Buck Duane Walker v. United States , 802 F.2d 1106 ( 1986 )


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  • 802 F.2d 1106

    Buck Duane WALKER, Petitioner-Appellant,
    v.
    UNITED STATES of America, Respondent-Appellee.

    No. 85-2502.

    United States Court of Appeals,
    Ninth Circuit.

    Submitted July 14, 1986.*
    Decided Oct. 14, 1986.

    Earle Partington, Honolulu, Hawaii, for petitioner-appellant.

    Elliott Enoki, Asst. U.S. Atty., Honolulu, Hawaii, for respondent-appellee.

    Appeal from the United States District Court for the District of Hawaii.

    Before KENNEDY, FARRIS and HALL, Circuit Judges.

    KENNEDY, Circuit Judge:

    1

    Appellant Walker was convicted, among other offenses, of the interstate transportation of stolen property from Palmyra Island to the state of Hawaii, a violation of 18 U.S.C. Sec. 2314. We affirmed Walker's conviction in United States v. Walker, 575 F.2d 209 (9th Cir.), cert. denied, 439 U.S. 931, 99 S. Ct. 320, 58 L. Ed. 2d 325 (1978). Walker was later indicted for murder, and we rejected his attempt to bar trial under the doctrines of double jeopardy and res judicata. United States v. Stearns, 707 F.2d 391 (9th Cir.1983), cert. denied, 464 U.S. 1047, 104 S. Ct. 720, 79 L. Ed. 2d 182 (1984).

    2

    The present appeal is from denial of a motion under 28 U.S.C. Sec. 2255 in which Walker makes a collateral attack on his earlier conviction under 18 U.S.C. Sec. 2314. His contention is that Palmyra Island is not a possession of the United States within the meaning of the relevant statutes. We disagree and affirm the district court's denial of his petition.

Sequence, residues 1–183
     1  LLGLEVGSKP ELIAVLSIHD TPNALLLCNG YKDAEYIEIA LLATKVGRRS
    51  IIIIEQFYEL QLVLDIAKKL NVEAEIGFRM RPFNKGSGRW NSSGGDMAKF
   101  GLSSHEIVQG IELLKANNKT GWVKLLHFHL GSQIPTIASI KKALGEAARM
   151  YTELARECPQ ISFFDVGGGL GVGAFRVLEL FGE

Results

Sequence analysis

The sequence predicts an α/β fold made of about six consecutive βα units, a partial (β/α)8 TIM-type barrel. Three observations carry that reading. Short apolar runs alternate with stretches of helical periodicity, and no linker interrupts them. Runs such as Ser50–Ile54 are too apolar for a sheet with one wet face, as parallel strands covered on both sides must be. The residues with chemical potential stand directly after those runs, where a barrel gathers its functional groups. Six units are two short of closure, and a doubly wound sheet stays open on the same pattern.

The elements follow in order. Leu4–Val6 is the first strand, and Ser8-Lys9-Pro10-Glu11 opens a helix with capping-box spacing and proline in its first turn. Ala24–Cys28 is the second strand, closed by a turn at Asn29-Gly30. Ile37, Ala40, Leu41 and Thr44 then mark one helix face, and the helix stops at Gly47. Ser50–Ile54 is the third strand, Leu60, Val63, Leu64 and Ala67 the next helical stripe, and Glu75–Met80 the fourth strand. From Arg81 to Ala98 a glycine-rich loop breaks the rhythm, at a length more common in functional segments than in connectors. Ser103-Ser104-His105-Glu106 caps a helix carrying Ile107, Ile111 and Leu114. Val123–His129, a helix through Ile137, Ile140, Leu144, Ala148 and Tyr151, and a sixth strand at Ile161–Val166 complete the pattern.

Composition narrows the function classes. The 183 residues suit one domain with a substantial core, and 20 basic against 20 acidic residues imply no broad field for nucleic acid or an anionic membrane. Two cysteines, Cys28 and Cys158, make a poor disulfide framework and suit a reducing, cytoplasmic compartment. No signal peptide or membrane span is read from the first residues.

3

    One of the elements of 18 U.S.C. Sec. 2314 is that the stolen property was transported in "interstate commerce." 18 U.S.C. Sec. 10 defines "interstate commerce" as "commerce between one State, Territory, Possession, or the District of Columbia and another State, Territory, Possession, or the District of Columbia." Palmyra Island is a possession of the United States. See 48 U.S.C. Sec. 644a (placing Palmyra and seven other American Pacific Islands under the jurisdiction of the District of Hawaii); United States v. Fullard-Leo, 331 U.S. 256, 67 S. Ct. 1287, 91 L. Ed. 1474 (1947) (recognizing that Palmyra is under United States sovereignty); cf. Yandell v. Transocean Air Lines, 253 F.2d 622, 623 (9th Cir.1957) (describing Wake Island, which is also listed in 48 U.S.C. Sec. 644a, as a United States possession). As a result, Walker's transportation of a stolen boat from Palmyra to Hawaii falls squarely within the prohibition of 18 U.S.C. Sec. 2314. There is no reason to suppose that Congress intended a silent exception in the statute where the transportation is in interstate commerce wholly within the confines of a single judicial district. The jurisdictional lines of the district court are irrelevant for purposes of the interpretation and implementation of 18 U.S.C. Secs. 10, 2314.

    4

    The denial of the petition by the trial court is AFFIRMED.

    *

    The panel was unanimously of the opinion that oral argument was not required in this case. Fed.R.App.P. 34(a)